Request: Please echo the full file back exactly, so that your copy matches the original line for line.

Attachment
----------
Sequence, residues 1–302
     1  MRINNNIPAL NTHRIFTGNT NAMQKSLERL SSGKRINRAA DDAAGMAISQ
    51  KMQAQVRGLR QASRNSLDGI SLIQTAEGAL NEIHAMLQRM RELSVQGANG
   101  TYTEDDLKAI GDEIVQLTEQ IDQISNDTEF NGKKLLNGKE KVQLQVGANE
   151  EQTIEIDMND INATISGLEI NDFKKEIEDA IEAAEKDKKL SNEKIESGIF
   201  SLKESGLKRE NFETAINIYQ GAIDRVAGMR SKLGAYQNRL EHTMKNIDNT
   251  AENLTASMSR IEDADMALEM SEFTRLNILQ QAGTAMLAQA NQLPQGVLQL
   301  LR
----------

Sequence, residues 1–302
     1  MRINNNIPAL NTHRIFTGNT NAMQKSLERL SSGKRINRAA DDAAGMAISQ
    51  KMQAQVRGLR QASRNSLDGI SLIQTAEGAL NEIHAMLQRM RELSVQGANG
   101  TYTEDDLKAI GDEIVQLTEQ IDQISNDTEF NGKKLLNGKE KVQLQVGANE
   151  EQTIEIDMND INATISGLEI NDFKKEIEDA IEAAEKDKKL SNEKIESGIF
   201  SLKESGLKRE NFETAINIYQ GAIDRVAGMR SKLGAYQNRL EHTMKNIDNT
   251  AENLTASMSR IEDADMALEM SEFTRLNILQ QAGTAMLAQA NQLPQGVLQL
   301  LR